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πŸš— Utilities for creating data sources for the OpenParking project


  • The latest stable release is 0.11.0. Released 6 months ago.
  • The last commit to master was 6 months ago.

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  • master
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OpenParking

GitHub tag (latest SemVer)

This package contains necessary types and useful functions for creating data sources for use with the OpenParking project, a service focussed on collecting data on available public parking spots and providing them and derived information as open-data wherever possible.

Check out the documentation for API specifics.

Creating a New Data Source

Data sources are Swift packages, one or more per package. Check out swift.org for instructions on how to get Swift running on your system if it's not already set up.

Basic Setup

Let's create a new data source for the fictional city of Bielefeld.

$ mkdir Bielefeld & cd Bielefeld
$ swift package init

Now open your newly created package manifest (Package.swift) and add OpenParking to your list of dependencies, replacing latest with the latest release version listed above.

// ...
dependencies: [
    .package(url: "https://github.com/OpenParkingApp/OpenParking.git", from: "latest"),
]
// ...

Swift also requires that you add the relevant products to your targets as dependencies. OpenParking contains two targets, OpenParking and OpenParkingTestSupport, the latter containing some helpers to validate your data in your test target. The targets section in our manifest now looks like the following. The dependency of OpenParkingTestSupport on BielefeldTests unfortunately requires you to be a bit more verbose, since it differs from the package basename.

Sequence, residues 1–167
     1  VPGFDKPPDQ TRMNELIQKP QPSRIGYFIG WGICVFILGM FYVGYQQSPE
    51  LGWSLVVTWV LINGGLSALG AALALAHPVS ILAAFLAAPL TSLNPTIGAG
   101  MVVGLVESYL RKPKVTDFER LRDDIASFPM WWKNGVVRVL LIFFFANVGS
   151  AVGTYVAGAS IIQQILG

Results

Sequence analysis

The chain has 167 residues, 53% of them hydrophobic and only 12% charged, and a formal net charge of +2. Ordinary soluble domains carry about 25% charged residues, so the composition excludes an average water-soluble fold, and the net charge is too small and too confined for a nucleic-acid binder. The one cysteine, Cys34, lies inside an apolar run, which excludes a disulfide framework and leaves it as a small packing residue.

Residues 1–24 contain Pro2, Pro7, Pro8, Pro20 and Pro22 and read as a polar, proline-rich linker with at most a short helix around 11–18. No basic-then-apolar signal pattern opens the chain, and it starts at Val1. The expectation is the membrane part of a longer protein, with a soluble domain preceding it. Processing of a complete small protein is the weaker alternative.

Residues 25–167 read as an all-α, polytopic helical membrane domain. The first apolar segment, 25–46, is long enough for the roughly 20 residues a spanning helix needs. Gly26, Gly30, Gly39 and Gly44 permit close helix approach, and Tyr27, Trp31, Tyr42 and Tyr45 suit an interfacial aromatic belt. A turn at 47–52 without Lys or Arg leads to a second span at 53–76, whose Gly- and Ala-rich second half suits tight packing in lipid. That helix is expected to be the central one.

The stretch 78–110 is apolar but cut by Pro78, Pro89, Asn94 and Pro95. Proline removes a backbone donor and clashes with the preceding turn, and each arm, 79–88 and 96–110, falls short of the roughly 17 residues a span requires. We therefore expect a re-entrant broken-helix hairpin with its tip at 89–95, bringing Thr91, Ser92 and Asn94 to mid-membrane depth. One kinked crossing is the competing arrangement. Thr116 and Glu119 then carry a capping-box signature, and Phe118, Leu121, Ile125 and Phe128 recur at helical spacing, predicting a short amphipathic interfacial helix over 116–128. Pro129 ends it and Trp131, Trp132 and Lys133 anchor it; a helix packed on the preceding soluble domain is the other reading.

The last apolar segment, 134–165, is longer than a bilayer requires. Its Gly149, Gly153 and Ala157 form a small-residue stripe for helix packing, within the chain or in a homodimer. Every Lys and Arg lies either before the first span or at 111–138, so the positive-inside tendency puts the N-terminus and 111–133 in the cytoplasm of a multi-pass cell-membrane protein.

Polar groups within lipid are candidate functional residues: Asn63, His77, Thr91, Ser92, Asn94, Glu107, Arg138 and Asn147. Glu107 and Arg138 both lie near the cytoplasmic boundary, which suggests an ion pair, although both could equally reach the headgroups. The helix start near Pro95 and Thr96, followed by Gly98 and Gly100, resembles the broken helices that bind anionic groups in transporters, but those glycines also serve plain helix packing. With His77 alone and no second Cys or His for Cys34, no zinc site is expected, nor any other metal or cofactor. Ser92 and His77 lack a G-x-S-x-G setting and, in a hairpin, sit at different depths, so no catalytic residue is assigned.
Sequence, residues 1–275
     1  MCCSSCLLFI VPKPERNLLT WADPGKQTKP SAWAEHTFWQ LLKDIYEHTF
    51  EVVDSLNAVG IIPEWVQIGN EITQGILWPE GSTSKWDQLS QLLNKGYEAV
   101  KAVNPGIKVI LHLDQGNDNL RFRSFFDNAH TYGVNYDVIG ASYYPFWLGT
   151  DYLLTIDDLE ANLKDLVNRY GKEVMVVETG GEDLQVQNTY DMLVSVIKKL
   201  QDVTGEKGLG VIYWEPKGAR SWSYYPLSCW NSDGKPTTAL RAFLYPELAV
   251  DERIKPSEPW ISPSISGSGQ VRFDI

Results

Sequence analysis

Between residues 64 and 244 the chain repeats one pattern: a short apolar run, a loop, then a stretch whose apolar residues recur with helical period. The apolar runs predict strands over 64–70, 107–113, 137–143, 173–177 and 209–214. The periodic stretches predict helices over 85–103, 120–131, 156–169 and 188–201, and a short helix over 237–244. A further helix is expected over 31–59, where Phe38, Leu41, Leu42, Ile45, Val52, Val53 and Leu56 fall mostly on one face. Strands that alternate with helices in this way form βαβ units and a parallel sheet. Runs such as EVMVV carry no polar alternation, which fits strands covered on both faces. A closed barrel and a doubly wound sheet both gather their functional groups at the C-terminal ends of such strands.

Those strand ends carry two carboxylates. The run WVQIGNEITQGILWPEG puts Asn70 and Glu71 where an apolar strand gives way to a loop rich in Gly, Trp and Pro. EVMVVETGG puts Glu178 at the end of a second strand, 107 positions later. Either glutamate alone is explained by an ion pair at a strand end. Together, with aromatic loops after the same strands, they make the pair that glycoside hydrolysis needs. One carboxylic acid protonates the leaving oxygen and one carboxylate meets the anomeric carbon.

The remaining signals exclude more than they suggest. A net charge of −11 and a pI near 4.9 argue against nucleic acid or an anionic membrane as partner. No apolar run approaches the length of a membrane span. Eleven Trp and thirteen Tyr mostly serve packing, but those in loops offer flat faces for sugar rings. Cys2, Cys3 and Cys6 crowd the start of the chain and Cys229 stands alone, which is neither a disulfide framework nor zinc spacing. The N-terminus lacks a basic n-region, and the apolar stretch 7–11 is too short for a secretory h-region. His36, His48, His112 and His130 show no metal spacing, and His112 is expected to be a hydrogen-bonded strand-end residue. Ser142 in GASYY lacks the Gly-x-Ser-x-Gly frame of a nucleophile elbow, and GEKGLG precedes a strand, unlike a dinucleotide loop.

// ...
targets: [
    .target(
        name: "Bielefeld",
        dependencies: ["OpenParking"]),
    .testTarget(
        name: "BielefeldTests",
        dependencies: [
            .product(name: "OpenParkingTestSupport", package: "OpenParking"),
            "Bielefeld"
        ]),
]
// ...

Adding the Data Source

Now let's head over into the main implementation in Sources/Bielefeld/Bielefeld.swift. This is where we'll define the actual data source and how it fetches its data.

To start out we're going to import OpenParking, create a new type and conform it to the Datasource protocol. Don't forget to mark the type as public so it's accessible from outside of this module.

import Foundation
import OpenParking

public class Bielefeld: Datasource {
  
}

At this point your editor will likely be complaining that Bielefeld isn't conforming to Datasource since it requires a few attributes. These are:

  • name
  • slug
  • infoURL
  • contributor (optional)
  • attributionURL (optional)
  • license (optional)

Additionally the protocol requires that we implement the function func data() throws -> DataPoint, which is the entry point for users of this data source to fetch current data.

Implementing the required attributes and a placeholder for data() leaves us with the following. Don't forget to also add a public initializer to your type so it can be created elsewhere.

public class Bielefeld: Datasource {
    public let name = "Bielefeld"
    public let slug = "bielefeld"
    public let infoURL = URL(string: "https://bielefeld.de")!
  
    public init() {}
  
    public func data() throws -> DataPoint {
        fatalError("not yet implemented")
    }
}

Adding Tests